This piece is now available on the Nature Suite CD and also can be found online (YouTube, Apple Music ,etc.)
"There's no place you can go on the prairie that you don't hear the white noise of the wind, steady and rough as surf curling along a nonexistent shore." - Diane Ackerman
"A cold wind blew on the prairie on the day the last buffalo fell. A death wind for my people" - Sitting Bull
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"We look at prairie and we see a great emptiness, a void that staggers the psyche and leaves much too much room for a mind to wander" - Randy Winter
"I was born upon the prairie, where the wind blew free, and there was nothing to break the light of the sun. I was born where there were no enclosures, and where everything drew a free breath" - Ten Bears, Comanche war chief
"Whatever else prairie is—grass, sky, wind—it is most of all a paradigm of infinity, a clearing full of many things except boundaries, and its power comes from its apparent limitlessness; there is no such thing as a small prairie any more than there is a little ocean, and the consequence of both is this challenge.." - William Least Heat-Moon
Abandoned House - Prairie
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There’s an inherent poignant sadness to the U.S. prairies. Its an endless monotony to some while to others its a landscape of strangely seductive beauty. The Great Plains have a fascinating history - its prairie lands have always been misjudged and misunderstood. This composition tries to capture that melancholy as well as its vastness and elusive grandeur.
The prairie can be a harsh environment. Before the European “invasion”, enormous herds of buffalo roamed the landscape and sustained the Native Americans.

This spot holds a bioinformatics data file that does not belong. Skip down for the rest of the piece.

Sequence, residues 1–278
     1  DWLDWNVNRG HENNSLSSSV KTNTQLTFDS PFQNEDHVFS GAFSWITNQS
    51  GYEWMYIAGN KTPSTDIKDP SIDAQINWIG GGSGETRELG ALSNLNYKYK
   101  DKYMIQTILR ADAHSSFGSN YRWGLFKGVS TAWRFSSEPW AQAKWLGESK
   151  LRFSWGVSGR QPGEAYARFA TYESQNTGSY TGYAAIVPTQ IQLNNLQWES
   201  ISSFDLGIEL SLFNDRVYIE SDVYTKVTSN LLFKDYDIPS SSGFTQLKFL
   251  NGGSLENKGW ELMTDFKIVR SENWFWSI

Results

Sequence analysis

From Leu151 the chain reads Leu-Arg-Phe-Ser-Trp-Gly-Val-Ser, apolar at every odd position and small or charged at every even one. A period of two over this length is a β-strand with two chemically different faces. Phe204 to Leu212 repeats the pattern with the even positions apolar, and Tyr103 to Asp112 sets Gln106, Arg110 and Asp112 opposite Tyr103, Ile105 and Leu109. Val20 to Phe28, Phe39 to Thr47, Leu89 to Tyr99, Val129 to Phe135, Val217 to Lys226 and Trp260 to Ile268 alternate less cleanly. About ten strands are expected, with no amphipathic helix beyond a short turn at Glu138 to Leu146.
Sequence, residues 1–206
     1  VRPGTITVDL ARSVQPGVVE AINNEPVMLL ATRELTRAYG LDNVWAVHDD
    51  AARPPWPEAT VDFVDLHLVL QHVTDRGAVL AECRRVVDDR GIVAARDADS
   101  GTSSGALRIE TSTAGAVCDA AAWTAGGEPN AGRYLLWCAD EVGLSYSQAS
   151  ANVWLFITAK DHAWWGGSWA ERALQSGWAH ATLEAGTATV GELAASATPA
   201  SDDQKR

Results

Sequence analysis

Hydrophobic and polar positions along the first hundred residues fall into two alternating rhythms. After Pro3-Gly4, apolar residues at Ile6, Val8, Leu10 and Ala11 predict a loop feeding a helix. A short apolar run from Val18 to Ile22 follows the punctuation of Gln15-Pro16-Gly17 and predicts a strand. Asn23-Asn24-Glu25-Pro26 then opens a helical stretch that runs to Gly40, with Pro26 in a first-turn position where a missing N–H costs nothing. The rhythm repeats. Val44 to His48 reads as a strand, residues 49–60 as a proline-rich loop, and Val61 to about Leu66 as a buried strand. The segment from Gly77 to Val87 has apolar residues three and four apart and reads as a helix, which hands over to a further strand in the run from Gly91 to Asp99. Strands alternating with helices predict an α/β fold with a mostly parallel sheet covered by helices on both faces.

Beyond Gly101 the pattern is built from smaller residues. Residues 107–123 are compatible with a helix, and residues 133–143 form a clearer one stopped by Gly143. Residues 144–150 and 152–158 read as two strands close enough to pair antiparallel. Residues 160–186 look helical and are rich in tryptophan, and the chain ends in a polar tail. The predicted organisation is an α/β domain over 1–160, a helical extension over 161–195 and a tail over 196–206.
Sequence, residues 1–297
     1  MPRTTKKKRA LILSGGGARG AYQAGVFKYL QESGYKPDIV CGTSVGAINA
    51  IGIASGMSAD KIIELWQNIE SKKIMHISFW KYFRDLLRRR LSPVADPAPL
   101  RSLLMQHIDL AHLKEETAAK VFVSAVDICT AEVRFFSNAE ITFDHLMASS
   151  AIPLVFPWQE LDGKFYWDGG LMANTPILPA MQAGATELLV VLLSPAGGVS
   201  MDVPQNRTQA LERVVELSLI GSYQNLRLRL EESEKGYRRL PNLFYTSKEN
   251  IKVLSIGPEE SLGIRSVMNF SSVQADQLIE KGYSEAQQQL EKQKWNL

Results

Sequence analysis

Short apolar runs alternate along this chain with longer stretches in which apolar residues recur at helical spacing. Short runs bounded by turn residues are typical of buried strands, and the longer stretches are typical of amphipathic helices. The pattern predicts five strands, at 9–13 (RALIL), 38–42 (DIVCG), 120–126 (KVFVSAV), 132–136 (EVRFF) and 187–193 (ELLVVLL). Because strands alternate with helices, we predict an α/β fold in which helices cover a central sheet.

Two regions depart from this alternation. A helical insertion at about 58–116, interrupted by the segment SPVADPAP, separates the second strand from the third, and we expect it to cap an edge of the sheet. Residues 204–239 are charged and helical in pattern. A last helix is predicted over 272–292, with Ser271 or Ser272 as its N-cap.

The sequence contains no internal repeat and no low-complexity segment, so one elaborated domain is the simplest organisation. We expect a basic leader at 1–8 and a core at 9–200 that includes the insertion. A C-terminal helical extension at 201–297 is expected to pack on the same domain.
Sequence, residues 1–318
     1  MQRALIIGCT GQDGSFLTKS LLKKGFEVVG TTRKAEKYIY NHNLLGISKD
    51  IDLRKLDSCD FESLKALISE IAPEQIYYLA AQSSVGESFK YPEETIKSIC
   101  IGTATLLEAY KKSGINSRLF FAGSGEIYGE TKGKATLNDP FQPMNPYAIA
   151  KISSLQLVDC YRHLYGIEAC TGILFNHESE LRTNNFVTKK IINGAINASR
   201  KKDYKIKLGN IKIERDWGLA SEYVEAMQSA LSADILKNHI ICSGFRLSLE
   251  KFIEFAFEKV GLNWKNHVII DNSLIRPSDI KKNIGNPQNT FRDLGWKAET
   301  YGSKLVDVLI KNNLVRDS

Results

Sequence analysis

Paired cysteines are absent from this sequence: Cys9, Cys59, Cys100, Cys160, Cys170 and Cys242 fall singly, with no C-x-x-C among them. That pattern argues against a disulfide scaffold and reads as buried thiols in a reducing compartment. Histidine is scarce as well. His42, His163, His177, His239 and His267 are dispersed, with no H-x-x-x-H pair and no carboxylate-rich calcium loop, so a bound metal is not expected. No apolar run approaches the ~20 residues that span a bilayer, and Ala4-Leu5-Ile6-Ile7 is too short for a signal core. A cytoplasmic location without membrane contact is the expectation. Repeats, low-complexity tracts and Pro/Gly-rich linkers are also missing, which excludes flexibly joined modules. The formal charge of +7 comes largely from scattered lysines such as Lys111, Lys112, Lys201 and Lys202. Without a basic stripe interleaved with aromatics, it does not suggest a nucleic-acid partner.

Once the frontier was criss-crossed with an increasing number of covered wagon trains and the transcontinental railroads were built, the buffalo was nearly exterminated! At this point in time, pioneering homesteaders tried desperately to eke out a meager existence as farmers.
The Dust Bowl
During the 1930s, a lengthy and severe drought caused massive dust storms and forced tens of thousands of poverty-stricken families to abandon their farms. Between 1930 and 1940, approximately 3.5 million people moved out of the Plains causing one of the largest migrations in American history.
Now of course the Great Plains are a source of American pride and patriotism. “Amber waves of grain” and the never-ending open road across miles and miles of corn fields ironically serve as metaphors for freedom and the restless American spirit.
The soundscape opens with the sound of wind and a buffalo stampede in the distance. A plaintive melody is heard on the Native American flute slowly giving way to a trombone chorale. A “flute” quartet (Native American flute accompanied by recorders) follows.
Languid and peaceful, evocative of the prairie’s vast flat emptiness, both the trombone and the Native American flute take solos in the improv section.
After the solo section, the plaintive melody returns and the motif is passed amongst the trombones and flutes in a more complex antiphonal setting. Lastly... the relentless winds finish the piece, a reminder of the stark and harshness of the prairie winters.
Diane Ackerman (born 1948) is an American poet, essayist, and naturalist known for her wide-ranging curiosity and poetic explorations of the natural world. Diane Ackerman
Sitting Bull was a Lakota leader who led his people during years of resistance to United States government policies. When Native Americans were threatened by the United States, numerous members from various Sioux bands and other tribes came to Sitting Bull's camp. His reputation for "strong medicine" developed as he continued to evade the European Americans.
In 1890, he was shot and killed by Indian agency police on the Standing Rock Indian Reservation during an attempt to arrest him. Sitting Bull